BEIRUT: The parliamentary session scheduled for Tuesday to vote on a new Lebanese president is likely to be postponed as government and opposition leaders have yet to agree on a mechanism to have the constitution amended, sources from both camps said late Monday .
The poor chances of holding a session to elect the commander of the Lebanese Armed Forces (LAF), General Michel Suleiman, as president were acknowledged by a source close to Speaker Nabih Berri and by one of his allies, Free Patriotic Movement leader MP Michel Aoun. Sports and Youth Minister Ahmed Fatfat offered much the same prediction in a brief telephone interview.
The postponement would be the eighth since Parliament first attempted to elect a president in September.
Aoun warned Monday that a presidential election was "unlikely to take place before the end of the year."
"We are not scared of chaos should vacuum persist," Aoun told reporters following the weekly meeting of his Reform and Change parliamentary bloc. "It seems that there will be neither election nor constitutional amendment on Tuesday."
He accused the parliamentary majority of "blocking" Suleiman's election.
"I think that the majority does not want to elect General Suleiman and all this is nothing but a maneuver," Aoun said.
Aoun has tied the election to the conclusion of a comprehensive agreement on several political issues, including the shape of the next government.
Also Monday, Suleiman met with Maronite Patriarch Nasrallah Butros Sfeir for 30 minutes at Bkirki. The LAF commander declined to comment following the visit.
Article 49 of the Constitution bars public servants, including Suleiman, from acceding to the presidency while in service. But articles 76 and 77 offer two different means to have the constitution amended and both require the approval of the government - which is not recognized by the opposition.
MP Robert Ghanem, who heads Parliament's Administration and Justice Committee, and Future MP Bahij Tabarra - both of the ruling March 14 coalition - are expected to submit a petition to amend the Constitution at Tuesday session. The petition will be signed by five MPs from each side.
However, Article 77 specifies that the petition requires the approval of both two-thirds of MPs and the Cabinet. The opposition brands the government headed by Prime Minister Fouad Siniora as illegitimate, after six ministers, including all five Shiites, submitted their resignations in November 2006.
Thus far, opposition MPs have refused to send a draft amendment to a government they do not recognize, and visitors to Siniora on Monday quoted him as saying that he would not accept any amendment that does not pass through the government. He also reportedly rejected calls for a Cabinet resignation before the presidential election takes place.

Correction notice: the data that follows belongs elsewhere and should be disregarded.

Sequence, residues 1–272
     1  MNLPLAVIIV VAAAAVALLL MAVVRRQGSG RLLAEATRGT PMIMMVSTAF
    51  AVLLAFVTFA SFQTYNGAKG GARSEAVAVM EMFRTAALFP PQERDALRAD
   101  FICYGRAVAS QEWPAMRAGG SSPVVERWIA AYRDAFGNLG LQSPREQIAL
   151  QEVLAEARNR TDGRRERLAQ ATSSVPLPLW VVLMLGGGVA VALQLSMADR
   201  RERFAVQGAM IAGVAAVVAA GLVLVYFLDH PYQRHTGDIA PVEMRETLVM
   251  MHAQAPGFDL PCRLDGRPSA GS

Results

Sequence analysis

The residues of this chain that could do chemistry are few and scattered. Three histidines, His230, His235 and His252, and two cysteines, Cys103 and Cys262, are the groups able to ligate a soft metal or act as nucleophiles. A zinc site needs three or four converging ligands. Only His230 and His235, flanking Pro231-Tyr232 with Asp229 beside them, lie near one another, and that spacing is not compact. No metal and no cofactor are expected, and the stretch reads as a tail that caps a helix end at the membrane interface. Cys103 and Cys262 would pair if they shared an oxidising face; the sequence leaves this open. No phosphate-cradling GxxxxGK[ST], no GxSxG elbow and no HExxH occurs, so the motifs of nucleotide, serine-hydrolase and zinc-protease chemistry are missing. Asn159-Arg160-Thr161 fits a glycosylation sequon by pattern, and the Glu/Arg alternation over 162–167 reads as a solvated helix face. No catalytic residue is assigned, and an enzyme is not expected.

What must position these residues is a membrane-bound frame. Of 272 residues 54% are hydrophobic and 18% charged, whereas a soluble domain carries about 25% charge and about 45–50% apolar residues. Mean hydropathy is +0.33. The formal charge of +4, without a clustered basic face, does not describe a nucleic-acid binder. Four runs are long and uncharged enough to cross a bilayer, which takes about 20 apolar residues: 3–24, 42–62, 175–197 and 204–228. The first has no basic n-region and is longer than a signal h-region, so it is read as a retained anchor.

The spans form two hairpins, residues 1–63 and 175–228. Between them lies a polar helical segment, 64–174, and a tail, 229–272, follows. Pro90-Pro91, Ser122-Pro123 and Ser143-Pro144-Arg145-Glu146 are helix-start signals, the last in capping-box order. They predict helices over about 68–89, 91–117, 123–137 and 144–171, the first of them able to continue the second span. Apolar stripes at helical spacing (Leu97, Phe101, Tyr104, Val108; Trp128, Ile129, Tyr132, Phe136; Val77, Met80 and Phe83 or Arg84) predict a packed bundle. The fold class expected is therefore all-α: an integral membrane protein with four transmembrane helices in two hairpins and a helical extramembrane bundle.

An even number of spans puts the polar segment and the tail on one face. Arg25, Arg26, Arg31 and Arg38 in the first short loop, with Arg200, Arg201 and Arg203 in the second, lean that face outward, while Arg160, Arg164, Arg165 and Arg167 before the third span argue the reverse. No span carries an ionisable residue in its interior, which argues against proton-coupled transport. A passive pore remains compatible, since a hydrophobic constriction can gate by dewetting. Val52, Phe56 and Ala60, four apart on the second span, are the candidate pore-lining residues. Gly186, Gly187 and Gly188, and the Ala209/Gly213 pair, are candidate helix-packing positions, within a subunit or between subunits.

According to the National News Agency, the premier made a series of phone calls to the ambassadors of Russia, Egypt, and China on Monday to explain his government's stance concerning an amendment, as well as recent political developments.
Fatfat, who represents the Future Movement in the Siniora government, said that an election on Tuesday "is unlikely to take place."
"MPs from the opposition will not show up at the Parliament and the scenario witnessed in the past seven sessions is likely to be replicated," the minister told The Daily Star on Monday.
Concerning the amendment, Fatfat said the Constitution makes it clear that "any amendment should go through the government."
"Articles 76 and 77 of the Constitution propose two options to having the Constitution amended and both scenarios require that the government approves or supervises the amendment," he added.
Meanwhile, Berri's spokesperson, Arafat Hijazi, told The Daily Star that the speaker "strictly opposes" having the amendment go through the current government, adding that Berri was working on having the Parliament "amend the Constitution itself."
"Exceptional circumstances require exceptional measures, especially since the Parliament is a full-fledged independent entity," Hijazi said.
While dismissing the possibility of an election taking place on Tuesday, Hijazi said that MPs from Berri's Development and Liberation parliamentary bloc "will report to Parliament tomorrow."
"One never knows what might happen," Hijazi added.
In other developments, the head of the Democratic Gathering, MP Walid Jumblatt, said the "political concessions" made by the March 14 Forces "are not to be seen as a sign of defeat or surrender."
"It is not a drawback, as some are calling it. It is rather a step forward and a pre-emptive measure against attempts to hamper democracy and civil peace," he argued in comments carried by his Progressive Socialist Party's Al-Anbaa newspaper.
He told the weekly that any deal that does not take into consideration March 14's principles would be "treason."
He also said that Lebanon's independence could not have been achieved "without the sacrifices of the resistance," adding that Hizbullah "should be gradually merged with the Lebanese Army so as to stand in the face of Israel."
"This merger, if achieved, would spare Lebanon a number of problems, including that of excessive foreign interference," Jumblatt said.